• Mila

BPD AWARENESS MONTH

Updated: Aug 27, 2019



May is borderline personality disorder (bpd) awareness month, and as someone who has bpd, I feel that this disorder is heavily misunderstood. There is so much stigma surrounding this disorder that I can't help but feel hurt by everything that everyone has to say about it in the media. I type in bpd on the internet and I find people telling each other how dangerous bpd people are, to never be in a relationship with a bpd person, how we will destroy and mentally scar others. Even some mental health professionals refuse to treat bpd because they say we are "treatment resistant". But that is FAR from the truth!


So what is borderline personality disorder? Borderline personality disorder is a mental illness characterized by difficulties regulating emotions leading to impulsive behavior, intense ups and downs in relationships, poor self-image, (potential) suicidal behavior and self-harm. It can be described as having exposed nerve endings - even the smallest thing can cause an intense reaction.


Statistically, about 70% of borderliners will make at least one suicide attempt in their life, in which about 10% complete it. Over 40% of borderliners are misdiagnosed with other mental disorders such as major depressive disorder and bipolar disorder. So bringing more awareness to it is so crucial so less people have to go through misdiagnosis. Want to read more about the symptoms? Click here to read my bpd symptoms blog post!


Despite the severity of this illness, the long-term prognosis is actually very good! It is a very slow and difficult, usually a life long treatment journey but findings have shown that about 88% of people who were once diagnosed with bpd and went through treatment, no longer met the criteria for diagnosis ten years later!


What else? People who have bpd are not dangerous, they deserve just as much love as any other human, if not more because people who suffer from bpd are often people who went through emotional, physical or sexual abuse, neglect or distress as a child, or have been separated or lost one or both of their parents. In other cases, it is due to genetics or imbalance of certain chemicals in the brain or problems with the development of the brain. But either way, just because borderliners have difficulty regulating emotions, and having it clash with our relationships doesn't justify the fact that we deserve any less love than any other human.


But where does all this stigmatization around bpd come from? Bpd is a very confusing, often unpredictable, and sometimes manipulative disorder. Personality disorders in general are very complicated and confusing, yet they are still pretty straight forward when it comes to identifying the problem. However, when it comes to bpd, it is a mental disorder that comes with many problems. Since it usually derives from childhood trauma, problems such as, lack of coping skills, extreme self-doubt deeply rooted in the lack of self-identity, impulsivity, very low self esteem, loneliness, difficulty feeling and being understood, and a bunch more come with it. It's like with bpd, a whole bundle of disorders come with it, and it gets overwhelming and difficult to treat.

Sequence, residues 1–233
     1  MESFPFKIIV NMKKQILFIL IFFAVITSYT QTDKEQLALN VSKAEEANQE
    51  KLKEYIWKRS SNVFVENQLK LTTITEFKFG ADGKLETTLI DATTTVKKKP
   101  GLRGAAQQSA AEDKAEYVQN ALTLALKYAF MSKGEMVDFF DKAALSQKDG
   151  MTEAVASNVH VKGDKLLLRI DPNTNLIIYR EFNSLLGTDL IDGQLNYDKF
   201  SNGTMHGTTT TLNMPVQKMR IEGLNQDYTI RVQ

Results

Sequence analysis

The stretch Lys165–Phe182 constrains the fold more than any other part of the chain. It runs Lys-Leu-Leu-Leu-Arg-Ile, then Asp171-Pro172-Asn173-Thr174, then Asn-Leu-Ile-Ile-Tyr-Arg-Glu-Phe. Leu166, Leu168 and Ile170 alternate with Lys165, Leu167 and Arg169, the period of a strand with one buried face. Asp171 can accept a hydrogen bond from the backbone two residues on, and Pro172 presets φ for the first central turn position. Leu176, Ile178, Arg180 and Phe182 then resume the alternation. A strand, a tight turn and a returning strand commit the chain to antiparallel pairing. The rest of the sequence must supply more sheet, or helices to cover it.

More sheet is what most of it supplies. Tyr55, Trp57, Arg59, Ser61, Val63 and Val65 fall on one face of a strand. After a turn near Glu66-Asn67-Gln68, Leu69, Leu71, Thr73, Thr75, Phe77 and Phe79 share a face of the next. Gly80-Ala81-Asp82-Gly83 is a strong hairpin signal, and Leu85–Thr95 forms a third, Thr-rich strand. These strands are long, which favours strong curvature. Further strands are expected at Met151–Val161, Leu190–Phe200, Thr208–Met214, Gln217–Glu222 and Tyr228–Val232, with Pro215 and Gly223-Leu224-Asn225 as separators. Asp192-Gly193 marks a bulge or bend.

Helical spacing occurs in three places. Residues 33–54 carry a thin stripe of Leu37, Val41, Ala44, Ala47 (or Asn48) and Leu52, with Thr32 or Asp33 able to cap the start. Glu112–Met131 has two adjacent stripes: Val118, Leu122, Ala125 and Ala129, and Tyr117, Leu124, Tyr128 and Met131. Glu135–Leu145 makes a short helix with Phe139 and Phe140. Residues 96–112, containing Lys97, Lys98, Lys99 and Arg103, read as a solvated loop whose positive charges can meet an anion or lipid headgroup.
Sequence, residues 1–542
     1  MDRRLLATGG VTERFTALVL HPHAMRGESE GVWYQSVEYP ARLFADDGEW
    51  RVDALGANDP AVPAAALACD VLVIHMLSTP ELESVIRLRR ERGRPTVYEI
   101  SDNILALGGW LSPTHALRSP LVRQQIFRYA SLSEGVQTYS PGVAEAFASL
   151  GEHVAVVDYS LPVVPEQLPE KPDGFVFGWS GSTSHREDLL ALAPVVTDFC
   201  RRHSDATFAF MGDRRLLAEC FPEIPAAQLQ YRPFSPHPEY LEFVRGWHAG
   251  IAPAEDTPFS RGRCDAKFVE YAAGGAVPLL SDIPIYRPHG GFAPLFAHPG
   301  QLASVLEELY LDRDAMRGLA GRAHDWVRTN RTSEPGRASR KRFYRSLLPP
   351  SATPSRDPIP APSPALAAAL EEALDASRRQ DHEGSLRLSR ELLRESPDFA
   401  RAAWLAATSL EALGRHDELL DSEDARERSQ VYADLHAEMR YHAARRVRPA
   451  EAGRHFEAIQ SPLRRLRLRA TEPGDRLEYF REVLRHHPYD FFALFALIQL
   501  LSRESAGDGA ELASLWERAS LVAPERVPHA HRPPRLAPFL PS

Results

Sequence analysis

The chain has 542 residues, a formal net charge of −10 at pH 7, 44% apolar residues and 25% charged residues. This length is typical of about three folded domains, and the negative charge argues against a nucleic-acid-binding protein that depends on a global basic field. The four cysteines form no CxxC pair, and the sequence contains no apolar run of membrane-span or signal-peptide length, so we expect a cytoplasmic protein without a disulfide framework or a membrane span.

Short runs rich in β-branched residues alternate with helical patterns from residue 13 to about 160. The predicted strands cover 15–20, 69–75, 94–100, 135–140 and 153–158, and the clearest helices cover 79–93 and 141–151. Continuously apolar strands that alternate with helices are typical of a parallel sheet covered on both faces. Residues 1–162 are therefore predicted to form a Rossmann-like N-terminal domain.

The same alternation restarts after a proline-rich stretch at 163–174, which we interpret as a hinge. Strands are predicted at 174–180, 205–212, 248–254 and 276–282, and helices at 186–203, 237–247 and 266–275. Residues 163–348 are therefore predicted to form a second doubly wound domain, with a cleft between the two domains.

The truth is, borderliners feel like an empty shell of a human who don't know their place in this world, and look for people and things that can fulfill this emptiness. We feel and believe that we are not capable of being happy, or feel that we are not worthy of any of it. We find it easy to give up on ourselves because we don't value ourselves, because we don't believe our existence means anything. We are sensitive to even the slightest criticism because we already deal with the constant self-hatred and negativity in our head. Anything tires us, drains us, because we feel everything at such an intense level. This is why we lash out, we act on our impulsive behavior to fulfill this hole inside of us. We try to hold onto anything that gives us love because we were under loved and are not capable of giving ourselves that kind of love. We find it hard to trust and truly open up to others because people have hurt us in our past. We have no self-identity because we weren't given that time to build ourselves when everyone else was, because we were dealing with childhood problems and trauma. But I promise you that, when treated with proper professional care, and when loved, understandingly and patiently, we are very worth all the complications. Because again, we feel everything so deeply and so profoundly. When we love, we love a thousand more times than a regular human.


So let's please stop all this stigmatization around bpd! Borderliners have survived through too much negativity and hardship. It's time to give them love and acknowledgement!


Thank you for reading.


Lots of love,

Mila xx







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